SKID ROW- Since 2016 is an “election year” for all levels of government -- from neighborhood councils to the White House – it’s usual for the topic of “homelessness” to come up freely and often, with empty rhetoric abounding aplenty.
But for some strange reason, not a single presidential candidate has spoken about homelessness as a part of his or her political platform. The closest any of them have come to that is one Republican nominee who fundraised for the Wounded Warrior Project – that is, until two top executives were fired for wasting donated money.
The Presidential debates have drawn millions of viewers, high ratings, and yet not one debate moderator has mentioned homelessness in a question. And these are some of the most respected and knowledgeable journalists in their field today.
Obviously homelessness has not been solved and is not on a clear path to being solved. In fact, homeless across America is on the rise. So what gives?
The view from here, “the homeless capitol of America,” looking all the way up the totem pole of life, as it relates to politics, one wonders if the “numbers game” is being played.
What is the numbers game?
Looking at homelessness on a national level -- like a presidential candidate should -- there are 300 million people in America, (rounded from 319 million for the sake of simple math.) It is estimated that there are 1.6 million homeless Americans nationwide. That may seem like an enormous number of homeless people, but it’s actually less than 1% of the total U.S. population.
Furthermore, it can be said that 1.6 million is only a little more than one-half of one percent. Through that lens, it is virtually impossible to generate any Federal dollars to address homelessness because not enough Americans are affected and/or would benefit from it as a budget line item. But politicians in Washington, DC are entrusted to care for the majority of Americans.
It’s not a people game, it’s a numbers game. The numbers just aren’t big enough to move the “Federal dollar’s Richter scale.”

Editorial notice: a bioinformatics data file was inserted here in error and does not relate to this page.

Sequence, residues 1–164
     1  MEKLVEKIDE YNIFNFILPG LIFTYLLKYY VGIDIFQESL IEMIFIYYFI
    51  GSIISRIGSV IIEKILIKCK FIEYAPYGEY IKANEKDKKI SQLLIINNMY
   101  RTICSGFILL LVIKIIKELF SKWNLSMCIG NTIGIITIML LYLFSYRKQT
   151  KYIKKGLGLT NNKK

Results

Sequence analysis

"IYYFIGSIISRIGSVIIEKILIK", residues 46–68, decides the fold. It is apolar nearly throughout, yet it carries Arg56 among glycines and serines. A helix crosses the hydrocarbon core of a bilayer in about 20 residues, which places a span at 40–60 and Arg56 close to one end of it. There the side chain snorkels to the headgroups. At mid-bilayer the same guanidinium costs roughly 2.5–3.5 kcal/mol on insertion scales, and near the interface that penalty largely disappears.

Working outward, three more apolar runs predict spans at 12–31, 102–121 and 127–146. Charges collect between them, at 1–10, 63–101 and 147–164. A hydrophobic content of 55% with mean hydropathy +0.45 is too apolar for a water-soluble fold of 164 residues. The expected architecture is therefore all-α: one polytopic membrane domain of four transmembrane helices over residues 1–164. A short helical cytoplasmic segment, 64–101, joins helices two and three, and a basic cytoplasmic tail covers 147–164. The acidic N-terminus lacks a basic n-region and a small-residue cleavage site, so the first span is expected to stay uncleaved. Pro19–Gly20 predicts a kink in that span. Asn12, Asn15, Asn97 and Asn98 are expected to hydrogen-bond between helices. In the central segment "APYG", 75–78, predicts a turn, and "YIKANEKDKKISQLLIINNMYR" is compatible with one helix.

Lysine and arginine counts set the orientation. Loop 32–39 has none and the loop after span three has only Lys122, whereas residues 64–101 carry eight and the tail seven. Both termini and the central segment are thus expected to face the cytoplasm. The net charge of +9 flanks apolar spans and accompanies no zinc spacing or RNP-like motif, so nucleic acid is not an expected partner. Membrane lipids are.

That said, due to much smaller budgets, neither local nor State governments can allocate enough funding to adequately combat the fast-growing “un-natural disaster” of homelessness.
So when Mayors and Governors across America hold press conferences and “reassure Americans” that they’ve got everything under control, don’t believe them! Especially here in Los Angeles.
Without significant Federal funding, lower level politicians would fare better trying to convince folks that they at one time played in the Revolution behind Prince (RIP.)
One beacon of light on a Federal level is Congresswoman Maxine Waters’ newly-proposed $13.27 billion homeless initiative called the “Ending Homeless Act of 2016,” which, over five years, would provide housing and services for homeless people. Importantly for us in Skid Row, it would target areas where homelessness “has reached critical proportions,” according to Water’s office.
Further, Waters is the top Democrat on the House Committee on Financial Services. So while it looks good on the blue side, her bill still needs support from the other side of the aisle. That’s where “We, The People” come in. We all need to support this effort to generate the type of significant funding homelessness so desperately needs…including our local representatives, as well as the current presidential candidates!
Why isn’t this being discussed on a national platform? Waters is a female Democrat and there’s a female Democrat on the presidential campaign trail. There’s also a Democratic candidate who says he’s “for the poor people.” There are Republican candidates who are losing so badly that they need a heart-touching cause to shake things up and bring more attention to their campaign. This is a cause worth considering. Plus, it would be good to know now whether or not whomever is elected the next President will support this funding and help push the bill to fruition.
Locally, there are several potential ballot initiatives, all of which are various types of taxes that, if approved, would create a new funding pot to address homelessness in Los Angeles. (If approved, only one would go on the ballot.)
With Waters’ federally-proposed initiative on the table, and American taxpayers paying into funding pots that should have already addressed homelessness, why would we as taxpayers tax ourselves again? Especially when significant Federal funding is looming. It’s clear where the support should go.
What’s not clear is why this isn’t a talking point of any of the Presidential candidates?
Maybe it’s because they deal with much more money. Obama’s current budget proposal is $1.41 trillion. So maybe $13 billion is a measly amount of dough.
(General Jeff is a homelessness activist and leader in Downtown Los Angeles.) Edited for CityWatch by Linda Abrams.